Texas court refuses latest appeal for former UT student's sentence

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The Texas Court of Criminal Appeals rejected the latest appeal of a former UT student convicted of tampering with evidence in the 2005 murder and mutilation of Austin resident Jennifer Cave.

The Court refused to accept Laura Ashley Hall’s latest appeal to her 10-year sentence for the crime. The court issued the rejection of the appeal without comment on Jan. 11. The Texas Court of Criminal Appeals has the discretion to grant or refuse a review based on certain criteria laid out in the Texas Rules of Appellate Procedure, said deputy clerk Mark Adams.

“Hall has 15 days [until Jan. 26] to file a motion for rehearing,” Adams said.

As of Tuesday, Hall’s attorney, Tim Copeland, had not filed such a motion Adams said. Copeland was not available to comment on Hall’s future plans.

Copeland filed Hall’s first appeal to her conviction and punishment in the Third Court of Appeals in Texas on Nov. 1, 2007. Hall was originally convicted in 2007 of the misdemeanor offense of hindering apprehension of a suspect by helping Colton Pitonyak flee to Mexico. Pitonyak was later convicted of murder and sentenced to a 55-year prison term. Hall was also convicted at the time of the felony offense of tampering with physical evidence, by dismembering Cave’s body, and was sentenced a five-year prison term.

In 2009, at the second trial for Hall’s punishment, the jury raised Hall’s sentence from a five-year term to a 10-year term, Justice Bob Pemberton said in an Aug. 24, 2011 court opinion. Pemberton issued an opinion on May 1, 2009, which stated that the Third Court of Appeals had overruled Hall’s challenge to her conviction. However, Pemberton also wrote that Hall’s points were sustained “to the extent they challenge[d] her punishment.”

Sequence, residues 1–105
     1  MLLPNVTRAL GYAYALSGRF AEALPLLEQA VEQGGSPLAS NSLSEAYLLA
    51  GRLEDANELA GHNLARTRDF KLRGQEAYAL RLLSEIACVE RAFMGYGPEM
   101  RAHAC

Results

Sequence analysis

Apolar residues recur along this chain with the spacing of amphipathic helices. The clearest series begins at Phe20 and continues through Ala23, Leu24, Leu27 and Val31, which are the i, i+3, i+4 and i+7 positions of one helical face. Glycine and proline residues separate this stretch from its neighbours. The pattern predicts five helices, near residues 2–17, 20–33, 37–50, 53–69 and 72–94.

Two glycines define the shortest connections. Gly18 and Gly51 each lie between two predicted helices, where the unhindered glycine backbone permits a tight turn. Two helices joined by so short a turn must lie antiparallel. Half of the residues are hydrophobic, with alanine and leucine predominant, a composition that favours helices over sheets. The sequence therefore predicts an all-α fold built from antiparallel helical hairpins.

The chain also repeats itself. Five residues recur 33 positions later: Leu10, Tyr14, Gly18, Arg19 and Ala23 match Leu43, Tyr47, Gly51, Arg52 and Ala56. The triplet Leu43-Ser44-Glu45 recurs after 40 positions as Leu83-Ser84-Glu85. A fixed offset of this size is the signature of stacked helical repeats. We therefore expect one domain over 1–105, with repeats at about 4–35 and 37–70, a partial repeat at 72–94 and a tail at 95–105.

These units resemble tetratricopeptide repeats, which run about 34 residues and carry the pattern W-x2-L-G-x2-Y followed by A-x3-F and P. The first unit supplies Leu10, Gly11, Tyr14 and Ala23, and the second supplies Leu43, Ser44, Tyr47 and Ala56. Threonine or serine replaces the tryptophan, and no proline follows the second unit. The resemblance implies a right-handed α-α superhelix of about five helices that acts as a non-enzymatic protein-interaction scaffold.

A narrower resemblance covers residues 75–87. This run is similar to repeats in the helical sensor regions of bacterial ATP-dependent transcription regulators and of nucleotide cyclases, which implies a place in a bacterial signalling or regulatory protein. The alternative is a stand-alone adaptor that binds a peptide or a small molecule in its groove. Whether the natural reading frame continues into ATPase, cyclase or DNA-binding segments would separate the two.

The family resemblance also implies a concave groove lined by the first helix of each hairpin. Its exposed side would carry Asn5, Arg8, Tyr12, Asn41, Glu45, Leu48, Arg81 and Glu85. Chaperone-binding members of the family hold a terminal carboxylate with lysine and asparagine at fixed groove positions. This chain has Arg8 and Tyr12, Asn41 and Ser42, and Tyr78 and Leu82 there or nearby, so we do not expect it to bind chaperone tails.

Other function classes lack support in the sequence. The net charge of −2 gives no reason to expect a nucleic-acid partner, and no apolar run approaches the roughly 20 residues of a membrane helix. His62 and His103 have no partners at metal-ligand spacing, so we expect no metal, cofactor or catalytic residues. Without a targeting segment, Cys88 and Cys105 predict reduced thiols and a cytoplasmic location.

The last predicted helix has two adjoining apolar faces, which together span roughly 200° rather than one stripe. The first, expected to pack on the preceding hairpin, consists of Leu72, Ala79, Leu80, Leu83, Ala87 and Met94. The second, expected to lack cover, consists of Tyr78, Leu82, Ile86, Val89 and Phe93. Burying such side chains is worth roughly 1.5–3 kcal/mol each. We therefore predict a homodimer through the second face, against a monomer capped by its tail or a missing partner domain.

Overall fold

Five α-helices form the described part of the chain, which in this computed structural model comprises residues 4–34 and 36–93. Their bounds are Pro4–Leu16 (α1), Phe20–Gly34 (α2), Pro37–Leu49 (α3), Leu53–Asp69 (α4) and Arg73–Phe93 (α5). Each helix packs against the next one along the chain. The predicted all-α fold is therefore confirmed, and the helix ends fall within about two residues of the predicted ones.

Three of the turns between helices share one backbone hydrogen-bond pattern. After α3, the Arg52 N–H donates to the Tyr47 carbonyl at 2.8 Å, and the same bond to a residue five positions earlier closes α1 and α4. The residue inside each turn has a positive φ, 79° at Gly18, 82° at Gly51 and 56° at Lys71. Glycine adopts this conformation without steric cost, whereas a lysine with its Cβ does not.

“During the punishment trial on remand, the jury considered voluminous testimony and numerous exhibits from 26 witnesses for the state and four witnesses for Hall,” Pemberton wrote. “Following its deliberations, the jury returned a verdict of 10 years’ imprisonment and a fine of $10,000 for the tampering offense.”

In August of 2011, the Third Court of Appeal overruled Hall’s motion for a new trial. Pemberton said Hall’s motion was based on an allegation that the Austin Police Department Forensics lab had done substandard or shoddy work while analyzing evidence. She based this claim off of a complaint by Cecily Hamilton, a former APD employee, that the forensics lab had done incomplete DNA analysis in numerous cases since 2005, Pemberton said.

Bill Gibbins, spokesman for APD and the forensics lab said Hamilton’s claims have since been overturned.

“The chief of police requested that the Texas Rangers look into Ms. Hamilton’s allegations,” said Gibbins, “An investigation was conducted by the Texas Rangers that resulted in the lab being cleared of the allegations.”